But what if a company obtained a patent on an impossible technology and never tried to enforce the patent against anyone? What if the company simply touted its technology as “patented”?

Many investors hold tight to the mistaken belief that the USPTO vets patents to make sure the technology claimed in the patent is real. They erroneously rely on the USPTO to do the complex, costly, and time-consuming due diligence that would be necessary to ensure a technology is viable. Many investors view a patent as a seal of approval from the government that the technology is real and no competitors are allowed to compete in the marketplace.

In actuality, a patent is no guarantee that: 1) the technology is viable; 2) that the patent is valid; or 3) that a competitive technology is infringing the patent. While a patent is presumed valid, if a competitor can present a court with evidence that the patent covers technology that was in the public domain, the court will invalidate the patent. Similarly, a patent can be broad or narrow. A broad patent provides its owner with a monopoly not only on the exact technology, but on alternative technologies a competitor may try to implement to get around the patent. Conversely, a narrow patent allows competitors to change one or two minor elements of the technology to legally circumvent the patent. The breadth or narrowness of a patent determines the scope of the monopoly the patent provides over competing products. Whether a competitive technology infringes a patent or not is determined by a judge or a jury, after reviewing all of the evidence.

Investors, therefore, need to be aware that patents are no substitute for the due diligence required to determine if a technology is real. It is simply not the USPTO’s job to determine the viability of a technology covered by a patent. Investors need to realize what patents represent and what they do not. When the USPTO grants a patent, it is simply stating that, based upon the USPTO’s necessarily limited investigation, the USPTO has not found any evidence that the patent is attempting to cover technology that already exists or that will never exist.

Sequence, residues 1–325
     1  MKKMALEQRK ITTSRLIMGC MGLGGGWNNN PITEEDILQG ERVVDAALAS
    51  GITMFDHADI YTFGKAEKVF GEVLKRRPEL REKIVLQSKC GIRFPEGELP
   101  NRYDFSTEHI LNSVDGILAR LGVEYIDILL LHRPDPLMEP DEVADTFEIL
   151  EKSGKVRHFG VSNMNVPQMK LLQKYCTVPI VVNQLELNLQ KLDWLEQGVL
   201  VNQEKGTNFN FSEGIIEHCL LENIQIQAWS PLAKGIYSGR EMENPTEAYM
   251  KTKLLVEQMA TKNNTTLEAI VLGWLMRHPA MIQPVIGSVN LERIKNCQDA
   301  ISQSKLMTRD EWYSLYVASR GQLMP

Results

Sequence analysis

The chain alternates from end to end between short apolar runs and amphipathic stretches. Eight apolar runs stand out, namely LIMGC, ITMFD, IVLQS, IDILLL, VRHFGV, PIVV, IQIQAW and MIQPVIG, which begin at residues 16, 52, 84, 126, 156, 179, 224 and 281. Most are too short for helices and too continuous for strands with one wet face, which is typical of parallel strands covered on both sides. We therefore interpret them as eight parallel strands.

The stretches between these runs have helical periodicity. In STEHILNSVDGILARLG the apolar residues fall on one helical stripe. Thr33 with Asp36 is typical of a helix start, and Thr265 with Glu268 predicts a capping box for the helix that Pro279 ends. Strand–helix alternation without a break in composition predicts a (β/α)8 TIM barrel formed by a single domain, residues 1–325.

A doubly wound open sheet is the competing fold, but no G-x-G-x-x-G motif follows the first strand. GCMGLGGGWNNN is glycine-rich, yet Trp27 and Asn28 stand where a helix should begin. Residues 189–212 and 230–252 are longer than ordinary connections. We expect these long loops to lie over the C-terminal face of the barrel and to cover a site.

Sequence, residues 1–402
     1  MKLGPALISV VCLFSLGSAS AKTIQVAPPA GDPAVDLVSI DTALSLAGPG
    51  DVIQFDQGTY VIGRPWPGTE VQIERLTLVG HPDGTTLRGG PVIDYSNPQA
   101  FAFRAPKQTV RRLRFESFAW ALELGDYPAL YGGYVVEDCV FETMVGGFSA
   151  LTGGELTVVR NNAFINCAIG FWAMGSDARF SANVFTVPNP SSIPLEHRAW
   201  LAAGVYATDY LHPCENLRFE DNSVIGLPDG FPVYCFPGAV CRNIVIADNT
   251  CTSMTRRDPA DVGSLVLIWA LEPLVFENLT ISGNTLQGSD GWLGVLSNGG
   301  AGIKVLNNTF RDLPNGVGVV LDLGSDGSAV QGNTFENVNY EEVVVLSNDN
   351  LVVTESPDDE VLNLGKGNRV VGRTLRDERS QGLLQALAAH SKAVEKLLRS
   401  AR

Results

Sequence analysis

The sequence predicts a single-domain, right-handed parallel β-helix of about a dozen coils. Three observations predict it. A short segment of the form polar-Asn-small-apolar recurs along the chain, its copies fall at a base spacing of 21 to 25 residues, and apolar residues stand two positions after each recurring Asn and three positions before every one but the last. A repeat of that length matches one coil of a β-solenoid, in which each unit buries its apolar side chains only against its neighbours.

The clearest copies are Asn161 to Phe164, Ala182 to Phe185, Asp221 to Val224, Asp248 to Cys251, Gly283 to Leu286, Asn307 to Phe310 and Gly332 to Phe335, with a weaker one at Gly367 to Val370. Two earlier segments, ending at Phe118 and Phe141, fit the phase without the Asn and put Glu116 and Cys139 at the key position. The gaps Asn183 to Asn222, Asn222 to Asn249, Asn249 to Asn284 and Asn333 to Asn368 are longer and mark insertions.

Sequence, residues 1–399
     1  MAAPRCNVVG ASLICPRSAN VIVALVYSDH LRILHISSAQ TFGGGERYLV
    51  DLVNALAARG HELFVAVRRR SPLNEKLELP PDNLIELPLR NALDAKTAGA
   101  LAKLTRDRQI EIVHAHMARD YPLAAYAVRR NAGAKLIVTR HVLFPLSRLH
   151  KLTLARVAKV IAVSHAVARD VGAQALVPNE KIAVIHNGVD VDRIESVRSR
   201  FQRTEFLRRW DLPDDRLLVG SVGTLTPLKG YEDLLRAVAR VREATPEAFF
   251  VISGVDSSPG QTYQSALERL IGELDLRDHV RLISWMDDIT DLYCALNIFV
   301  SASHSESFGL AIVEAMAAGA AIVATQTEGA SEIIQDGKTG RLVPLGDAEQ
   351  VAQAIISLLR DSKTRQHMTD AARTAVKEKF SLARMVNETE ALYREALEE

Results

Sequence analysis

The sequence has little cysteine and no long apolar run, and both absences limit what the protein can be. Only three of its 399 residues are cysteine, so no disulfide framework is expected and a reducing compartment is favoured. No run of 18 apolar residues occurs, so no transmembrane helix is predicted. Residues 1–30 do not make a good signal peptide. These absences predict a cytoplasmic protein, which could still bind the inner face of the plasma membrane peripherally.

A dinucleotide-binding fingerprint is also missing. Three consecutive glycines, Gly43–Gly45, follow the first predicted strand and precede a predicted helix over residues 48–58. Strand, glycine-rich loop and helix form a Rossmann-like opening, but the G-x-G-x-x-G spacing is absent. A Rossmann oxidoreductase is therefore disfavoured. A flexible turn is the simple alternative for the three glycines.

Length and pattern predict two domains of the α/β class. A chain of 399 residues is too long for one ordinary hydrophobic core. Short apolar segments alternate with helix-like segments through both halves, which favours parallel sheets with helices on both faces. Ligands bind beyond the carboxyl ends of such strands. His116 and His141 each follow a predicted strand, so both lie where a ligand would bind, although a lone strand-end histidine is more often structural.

From a technology viability perspective, a patent grant is similar “not guilty” verdict in a criminal trial. A “not guilty” verdict is not a certification that the defendant is innocent. It is simply an indication that there was insufficient evidence to find the defendant guilty. Similarly, a patent is not a certification that the technology is viable, just that the USPTO has not been presented with any indication the technology is not viable.

While most of the blame for the massive Theranos investor losses rests with Elizabeth Holmes and Theranos, some of the blame rests with the investors themselves. This blame rests with Theranos investors failing to conduct sufficient due diligence and for failing to understand what a patent means and does not mean. Investors, especially when investing in complex technology, must conduct their own exhaustive due diligence into the viability of the technology. In today’s complex investment market, there is simply no excuse for investors failing to understand the interplay between patents and technology and how patents do, and do not, factor into proper due diligence protocols.

Brett Trout


Posted in Patent Law.